The final nutrition-related question I’ll address here is iron. I led this post off with three questions about nutrition, because these seem to be the most common questions that get asked of vegans (isn’t it funny how when you say you’re a vegan, everyone becomes a nutritionist?) and the most common questions people have when they’re thinking about going vegan. I also made an entire post dedicated to common nutrient deficiencies as well as a post all about my favorite nutrition resources so you can read up on your own. Iron is essential for transporting oxygen around the body and deficiency typically causes extreme fatigue, weakness, and lightheadedness. The good news is that plant-based iron is plentiful! Legumes such as lentils, soybeans, chickpeas, and kidney beans are great sources; a single legume serving contains between 14-48% of  daily iron intake (depending on the type of legume). Other plant sources of iron include grains such as quinoa, fortified cereals, brown rice, and oatmeal; nuts and seeds such as pumpkin, squash, pine,  and cashews; and vegetables such as tomatoes and collard greens. If you’re eating a balanced vegan diet filled with whole grains, legumes, and lots of vegetables, getting enough iron should be no problem. Getting that blood test mentioned above can also dispel any fears of anemia. This is purely anecdotal, so interpret it however you wish, but I know several people (including my baby sis!) who actually stopped being anemic after transitioning to a vegan diet.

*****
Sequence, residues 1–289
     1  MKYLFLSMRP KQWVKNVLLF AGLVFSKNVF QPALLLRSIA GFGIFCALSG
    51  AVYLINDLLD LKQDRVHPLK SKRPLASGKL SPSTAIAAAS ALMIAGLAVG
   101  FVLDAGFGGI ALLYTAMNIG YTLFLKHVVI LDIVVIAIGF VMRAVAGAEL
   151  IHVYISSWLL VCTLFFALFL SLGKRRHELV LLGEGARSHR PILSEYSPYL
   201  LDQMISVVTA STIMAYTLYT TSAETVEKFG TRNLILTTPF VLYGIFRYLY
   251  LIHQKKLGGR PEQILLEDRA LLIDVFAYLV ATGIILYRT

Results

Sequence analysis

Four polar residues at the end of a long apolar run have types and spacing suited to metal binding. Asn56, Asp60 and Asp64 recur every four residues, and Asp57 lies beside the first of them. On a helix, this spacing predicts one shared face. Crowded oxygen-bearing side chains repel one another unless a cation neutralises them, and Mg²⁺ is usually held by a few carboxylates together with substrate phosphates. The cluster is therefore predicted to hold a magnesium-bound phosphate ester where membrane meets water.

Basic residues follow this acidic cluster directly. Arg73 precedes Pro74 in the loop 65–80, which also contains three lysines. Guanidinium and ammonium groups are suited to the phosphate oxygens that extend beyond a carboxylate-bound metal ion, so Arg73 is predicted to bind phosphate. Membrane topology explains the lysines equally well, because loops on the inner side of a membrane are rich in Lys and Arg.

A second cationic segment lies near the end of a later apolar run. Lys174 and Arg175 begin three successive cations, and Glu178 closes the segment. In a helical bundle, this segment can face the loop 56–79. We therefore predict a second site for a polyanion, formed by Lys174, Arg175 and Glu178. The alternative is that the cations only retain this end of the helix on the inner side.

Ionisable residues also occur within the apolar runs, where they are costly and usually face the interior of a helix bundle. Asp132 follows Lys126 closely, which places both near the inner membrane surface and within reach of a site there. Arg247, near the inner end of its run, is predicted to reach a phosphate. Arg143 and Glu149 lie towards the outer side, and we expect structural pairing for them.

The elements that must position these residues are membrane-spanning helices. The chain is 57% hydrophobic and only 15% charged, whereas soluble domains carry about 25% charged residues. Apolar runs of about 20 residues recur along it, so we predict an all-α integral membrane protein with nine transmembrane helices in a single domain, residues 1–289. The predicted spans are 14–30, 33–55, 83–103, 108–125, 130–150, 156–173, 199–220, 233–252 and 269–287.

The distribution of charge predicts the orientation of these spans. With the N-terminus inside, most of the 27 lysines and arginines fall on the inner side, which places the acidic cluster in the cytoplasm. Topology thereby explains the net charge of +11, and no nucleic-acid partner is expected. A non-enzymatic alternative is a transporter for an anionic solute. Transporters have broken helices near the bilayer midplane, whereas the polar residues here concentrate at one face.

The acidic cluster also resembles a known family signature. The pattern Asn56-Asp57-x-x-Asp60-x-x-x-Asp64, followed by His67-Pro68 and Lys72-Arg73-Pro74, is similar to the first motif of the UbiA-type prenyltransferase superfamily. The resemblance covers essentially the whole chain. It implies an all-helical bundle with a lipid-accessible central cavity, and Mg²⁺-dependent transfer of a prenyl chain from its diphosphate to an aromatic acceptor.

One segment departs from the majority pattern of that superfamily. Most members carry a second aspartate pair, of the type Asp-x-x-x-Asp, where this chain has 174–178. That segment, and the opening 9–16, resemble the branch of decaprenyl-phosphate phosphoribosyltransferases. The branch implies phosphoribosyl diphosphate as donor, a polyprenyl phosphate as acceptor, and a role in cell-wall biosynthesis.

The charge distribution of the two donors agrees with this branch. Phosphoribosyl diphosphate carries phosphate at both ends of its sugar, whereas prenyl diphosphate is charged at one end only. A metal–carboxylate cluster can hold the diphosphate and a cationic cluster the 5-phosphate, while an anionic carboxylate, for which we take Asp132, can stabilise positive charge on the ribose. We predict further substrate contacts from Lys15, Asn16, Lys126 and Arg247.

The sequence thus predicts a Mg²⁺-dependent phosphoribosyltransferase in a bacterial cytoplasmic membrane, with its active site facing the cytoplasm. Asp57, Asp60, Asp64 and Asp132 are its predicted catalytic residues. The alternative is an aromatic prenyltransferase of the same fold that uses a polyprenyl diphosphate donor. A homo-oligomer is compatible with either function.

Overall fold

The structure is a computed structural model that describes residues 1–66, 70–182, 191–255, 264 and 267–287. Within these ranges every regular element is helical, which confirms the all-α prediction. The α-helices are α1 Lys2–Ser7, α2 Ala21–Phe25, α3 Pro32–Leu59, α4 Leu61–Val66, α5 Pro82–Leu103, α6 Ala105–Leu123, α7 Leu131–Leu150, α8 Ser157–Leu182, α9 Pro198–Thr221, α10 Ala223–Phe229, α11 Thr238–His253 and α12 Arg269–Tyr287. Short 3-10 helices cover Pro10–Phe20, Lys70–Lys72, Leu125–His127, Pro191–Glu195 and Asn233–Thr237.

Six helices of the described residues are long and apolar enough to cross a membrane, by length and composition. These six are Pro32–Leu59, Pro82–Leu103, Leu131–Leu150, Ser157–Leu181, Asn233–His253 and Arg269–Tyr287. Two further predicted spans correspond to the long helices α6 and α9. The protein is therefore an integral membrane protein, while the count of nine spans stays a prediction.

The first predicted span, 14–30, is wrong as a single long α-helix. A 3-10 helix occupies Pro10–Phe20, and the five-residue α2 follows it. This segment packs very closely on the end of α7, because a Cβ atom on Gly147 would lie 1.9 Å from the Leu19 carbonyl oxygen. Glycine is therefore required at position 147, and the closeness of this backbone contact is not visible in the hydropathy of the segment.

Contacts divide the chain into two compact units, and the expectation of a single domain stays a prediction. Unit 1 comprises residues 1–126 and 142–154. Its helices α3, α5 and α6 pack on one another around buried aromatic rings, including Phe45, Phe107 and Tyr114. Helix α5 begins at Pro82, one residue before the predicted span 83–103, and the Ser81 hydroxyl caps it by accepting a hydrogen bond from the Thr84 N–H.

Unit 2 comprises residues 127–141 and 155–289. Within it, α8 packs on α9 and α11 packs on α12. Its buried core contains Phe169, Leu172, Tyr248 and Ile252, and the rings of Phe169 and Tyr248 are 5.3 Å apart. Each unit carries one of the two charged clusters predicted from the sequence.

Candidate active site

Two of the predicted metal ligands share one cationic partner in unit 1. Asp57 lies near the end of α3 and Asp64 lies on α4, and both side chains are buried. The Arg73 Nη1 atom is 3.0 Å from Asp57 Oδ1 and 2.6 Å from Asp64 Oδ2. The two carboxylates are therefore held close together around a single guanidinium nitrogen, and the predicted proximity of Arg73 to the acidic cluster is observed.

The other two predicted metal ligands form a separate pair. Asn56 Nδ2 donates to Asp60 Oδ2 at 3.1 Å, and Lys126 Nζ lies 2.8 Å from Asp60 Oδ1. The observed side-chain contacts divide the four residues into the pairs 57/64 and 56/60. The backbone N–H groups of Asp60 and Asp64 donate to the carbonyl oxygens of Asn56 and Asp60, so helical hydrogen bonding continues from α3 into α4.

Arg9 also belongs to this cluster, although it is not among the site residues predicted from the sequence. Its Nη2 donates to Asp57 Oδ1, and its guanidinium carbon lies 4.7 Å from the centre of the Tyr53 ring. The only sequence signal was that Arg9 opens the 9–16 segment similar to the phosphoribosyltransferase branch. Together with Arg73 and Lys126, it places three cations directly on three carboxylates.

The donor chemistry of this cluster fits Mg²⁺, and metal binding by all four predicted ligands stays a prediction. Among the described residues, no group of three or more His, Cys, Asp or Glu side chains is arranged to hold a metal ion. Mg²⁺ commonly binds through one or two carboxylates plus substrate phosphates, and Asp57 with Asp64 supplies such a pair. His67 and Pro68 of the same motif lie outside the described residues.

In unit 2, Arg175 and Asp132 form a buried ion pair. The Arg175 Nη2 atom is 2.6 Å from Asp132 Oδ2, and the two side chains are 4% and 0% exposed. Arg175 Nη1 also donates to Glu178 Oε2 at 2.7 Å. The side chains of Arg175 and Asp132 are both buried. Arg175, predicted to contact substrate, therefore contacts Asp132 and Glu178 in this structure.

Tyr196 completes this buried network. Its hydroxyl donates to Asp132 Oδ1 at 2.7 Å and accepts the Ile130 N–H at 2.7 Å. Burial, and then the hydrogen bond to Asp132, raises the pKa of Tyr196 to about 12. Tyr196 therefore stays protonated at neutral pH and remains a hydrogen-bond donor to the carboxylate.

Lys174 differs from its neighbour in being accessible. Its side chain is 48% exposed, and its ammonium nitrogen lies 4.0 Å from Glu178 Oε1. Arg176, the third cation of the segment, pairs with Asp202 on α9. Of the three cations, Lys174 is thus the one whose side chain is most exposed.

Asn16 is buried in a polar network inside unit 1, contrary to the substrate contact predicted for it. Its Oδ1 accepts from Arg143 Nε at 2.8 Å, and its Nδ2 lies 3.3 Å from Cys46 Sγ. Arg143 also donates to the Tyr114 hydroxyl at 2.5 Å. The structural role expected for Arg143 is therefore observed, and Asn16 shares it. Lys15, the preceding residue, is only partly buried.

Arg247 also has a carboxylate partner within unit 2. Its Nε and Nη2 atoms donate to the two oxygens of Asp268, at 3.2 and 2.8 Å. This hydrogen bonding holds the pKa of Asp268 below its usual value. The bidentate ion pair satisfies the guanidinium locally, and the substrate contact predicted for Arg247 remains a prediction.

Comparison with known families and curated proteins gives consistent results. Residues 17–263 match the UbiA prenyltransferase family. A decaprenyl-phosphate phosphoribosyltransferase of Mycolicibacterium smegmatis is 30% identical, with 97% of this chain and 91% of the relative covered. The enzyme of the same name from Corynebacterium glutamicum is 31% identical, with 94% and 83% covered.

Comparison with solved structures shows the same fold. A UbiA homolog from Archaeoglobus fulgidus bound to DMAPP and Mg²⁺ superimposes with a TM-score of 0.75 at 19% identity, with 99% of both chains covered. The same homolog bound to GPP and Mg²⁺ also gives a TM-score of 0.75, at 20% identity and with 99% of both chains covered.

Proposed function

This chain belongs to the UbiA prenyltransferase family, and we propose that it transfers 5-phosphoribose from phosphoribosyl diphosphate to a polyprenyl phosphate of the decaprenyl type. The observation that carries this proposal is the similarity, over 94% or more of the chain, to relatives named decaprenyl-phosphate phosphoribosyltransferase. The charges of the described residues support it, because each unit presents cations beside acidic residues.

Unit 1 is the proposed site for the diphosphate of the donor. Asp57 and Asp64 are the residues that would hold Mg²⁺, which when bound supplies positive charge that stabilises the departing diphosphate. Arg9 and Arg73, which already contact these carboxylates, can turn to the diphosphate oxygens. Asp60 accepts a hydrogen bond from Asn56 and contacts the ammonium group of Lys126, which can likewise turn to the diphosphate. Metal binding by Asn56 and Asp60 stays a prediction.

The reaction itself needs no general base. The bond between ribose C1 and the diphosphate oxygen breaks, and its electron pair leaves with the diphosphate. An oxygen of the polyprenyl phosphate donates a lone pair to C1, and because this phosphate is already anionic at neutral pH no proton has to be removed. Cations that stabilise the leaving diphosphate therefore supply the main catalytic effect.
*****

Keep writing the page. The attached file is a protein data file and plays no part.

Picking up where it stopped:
Why do human have canine teeth?

People bring up our “canine teeth” in order to demonstrate that humans are naturally omnivores and must eat meat, therefore eating animals is moral. Let’s get this straight. Two of our front teeth have a slight point at the end. They are not canine teeth. If you look at a chart comparing a lot of different animals’ teeth, you’ll find that our tooth structure does not remotely resemble that of a carnivore, or even of an omnivore. We have flat teeth and large salivary glands that enable us to digest whole plant foods. If you think you have carnivore teeth, go out and try to kill and eat an animal with them, because that’s what carnivores do. I suspect that you won’t be able to – there’s a reason that we use special knives to cut steaks into small chunks! Humans do not have carnivore teeth by any stretch of the imagination.